Anyone who read Spider-Verse already knows how they will feel about Spider-Geddon. If you found the initial multiversal event to be a lot of fun and just the right level of “Clone Saga”-like confusion, then Spider-Geddon is waiting to be enjoyed. If you were anything less than delighted by Spider-Verse, then Spider-Geddon will deliver more of the same, but with slightly worse quality and none of the appealing new superhero idea smell. It’s a sequel that reads like a continuation, trotting out everything familiar with nothing new. That can work for anyone who loves what is already there, but it’s bound to induce sighs from everyone else.
If you happen to be someone that never read Spider-Verse, then you shouldn’t possess any concerns about picking up Spider-Geddon #1. Dialogue is a blunt tool used to explain past events, character motivations, and any other details that may be required for comprehension. There is no subtlety to be found in its deployment as each new thought is voiced as much to the reader as its intended recipient, delivering exposition with all of the grace of Golden Age superhero comics.
Dialogue and cleverness is not the main course in Spider-Geddon #1, and, like grandma’s green bean casserole, it’s something that can be skipped entirely in favor of far better fare. This is an event that is all about flash, putting as many likable and interesting versions of Spider-Man together in order to watch what happens. That is an element the issue gets right immediately, selecting a team that is bound to make any Spidey fan’s eyes widen and using every opportunity to show them off. Motivations and plot be damned, this is a group that is simply fun to see together and that comes across both as they round up new members and crash into two big conflicts. Molina has each costume and design on point, and finds at least one opportunity for every Spider-person to remind readers why they have stuck around.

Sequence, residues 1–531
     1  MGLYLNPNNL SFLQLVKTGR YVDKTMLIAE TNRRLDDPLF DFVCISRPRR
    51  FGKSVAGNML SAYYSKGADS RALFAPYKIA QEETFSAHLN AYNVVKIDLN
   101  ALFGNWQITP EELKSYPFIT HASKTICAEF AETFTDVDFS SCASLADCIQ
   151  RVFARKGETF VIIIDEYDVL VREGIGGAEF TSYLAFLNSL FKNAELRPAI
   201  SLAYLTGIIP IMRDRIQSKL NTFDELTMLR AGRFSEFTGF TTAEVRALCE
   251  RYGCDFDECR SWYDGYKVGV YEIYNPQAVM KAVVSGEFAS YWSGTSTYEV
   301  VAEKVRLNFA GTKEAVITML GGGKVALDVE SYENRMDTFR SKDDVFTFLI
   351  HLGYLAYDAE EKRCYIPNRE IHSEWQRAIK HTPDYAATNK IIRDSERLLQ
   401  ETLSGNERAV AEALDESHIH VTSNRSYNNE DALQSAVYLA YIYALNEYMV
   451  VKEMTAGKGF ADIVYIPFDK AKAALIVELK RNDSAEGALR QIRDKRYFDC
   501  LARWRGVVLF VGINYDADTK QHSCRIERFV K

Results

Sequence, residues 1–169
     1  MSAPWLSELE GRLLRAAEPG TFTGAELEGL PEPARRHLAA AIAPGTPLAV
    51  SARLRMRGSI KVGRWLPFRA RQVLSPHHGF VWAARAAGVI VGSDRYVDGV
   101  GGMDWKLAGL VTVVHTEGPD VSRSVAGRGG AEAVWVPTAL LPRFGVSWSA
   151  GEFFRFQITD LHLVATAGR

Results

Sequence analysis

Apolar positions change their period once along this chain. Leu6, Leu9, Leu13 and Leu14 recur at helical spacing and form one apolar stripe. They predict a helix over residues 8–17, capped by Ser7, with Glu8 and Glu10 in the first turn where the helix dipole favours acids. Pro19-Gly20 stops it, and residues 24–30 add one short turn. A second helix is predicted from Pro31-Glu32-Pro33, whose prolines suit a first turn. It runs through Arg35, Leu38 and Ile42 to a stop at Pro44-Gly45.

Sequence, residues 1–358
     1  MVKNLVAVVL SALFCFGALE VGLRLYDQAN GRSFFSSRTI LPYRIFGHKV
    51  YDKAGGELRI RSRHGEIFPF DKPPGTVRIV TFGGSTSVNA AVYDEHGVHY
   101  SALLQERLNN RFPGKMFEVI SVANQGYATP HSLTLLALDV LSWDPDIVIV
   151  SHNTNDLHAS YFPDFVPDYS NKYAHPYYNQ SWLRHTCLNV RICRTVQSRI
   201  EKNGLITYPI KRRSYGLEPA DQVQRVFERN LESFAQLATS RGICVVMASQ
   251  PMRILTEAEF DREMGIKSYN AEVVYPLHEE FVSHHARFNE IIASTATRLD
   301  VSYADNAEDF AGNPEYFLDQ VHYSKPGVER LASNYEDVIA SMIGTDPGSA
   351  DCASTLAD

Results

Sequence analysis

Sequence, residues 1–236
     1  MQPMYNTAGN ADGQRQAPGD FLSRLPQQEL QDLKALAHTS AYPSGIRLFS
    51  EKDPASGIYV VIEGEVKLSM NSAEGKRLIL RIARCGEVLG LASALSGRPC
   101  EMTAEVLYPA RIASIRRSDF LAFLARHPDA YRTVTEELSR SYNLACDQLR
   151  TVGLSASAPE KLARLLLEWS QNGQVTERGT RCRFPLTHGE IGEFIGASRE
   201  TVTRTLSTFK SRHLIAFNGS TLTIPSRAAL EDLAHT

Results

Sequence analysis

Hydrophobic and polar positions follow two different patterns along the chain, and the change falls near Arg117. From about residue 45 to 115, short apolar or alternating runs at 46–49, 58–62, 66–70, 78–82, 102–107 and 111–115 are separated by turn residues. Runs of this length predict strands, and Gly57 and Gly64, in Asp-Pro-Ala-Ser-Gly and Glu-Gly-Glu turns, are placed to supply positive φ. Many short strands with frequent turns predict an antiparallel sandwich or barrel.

Spider-Geddon #1 is at its best when embracing the thrills and joy of having so many well-intentioned Spider characters, even the newly minted Superior Octopus, crashing into one another and causing chaos. The concept simply sparkles on the page and makes it seem obvious why a feature-length cartoon adaptation was created so quickly following Spider-Verse. One element absent from that feature is the Inheritors, and this issue makes it clear why that is. Even when their complex history is succinctly explained, they remain visual non-entities, dragging down every colorful page they enter. What is far worse is how they replace excitement with cringes and confuse random death with stakes. The moment the Inheritors return this series hits a brick wall, one from which it is unlikely to regain much momentum.
Every instance of death in Spider-Geddon #1 feels small and banal. It carries no weight, feeling as though it is simply dropped onto the page in order to remind readers that the Inheritors are a big, bad deal. There is a complete failure to recognize that this ugliness runs at cross purposes to the fun conceptual engine on which this event is running, and there's no real effort to weave the two together. Instead, it simply happens like so much in this issue and manages to weaken all of the strongest elements as a result. There is still fun to be found in Spider-Geddon, but it won’t appeal to anyone who wasn’t already excited about getting more Spider-Verse.
Published by Marvel Comics
On October 10, 2018
Written by Christos Gage
Art by Jorge Molina
Colors by David Curiel
Letters by Travis Lanham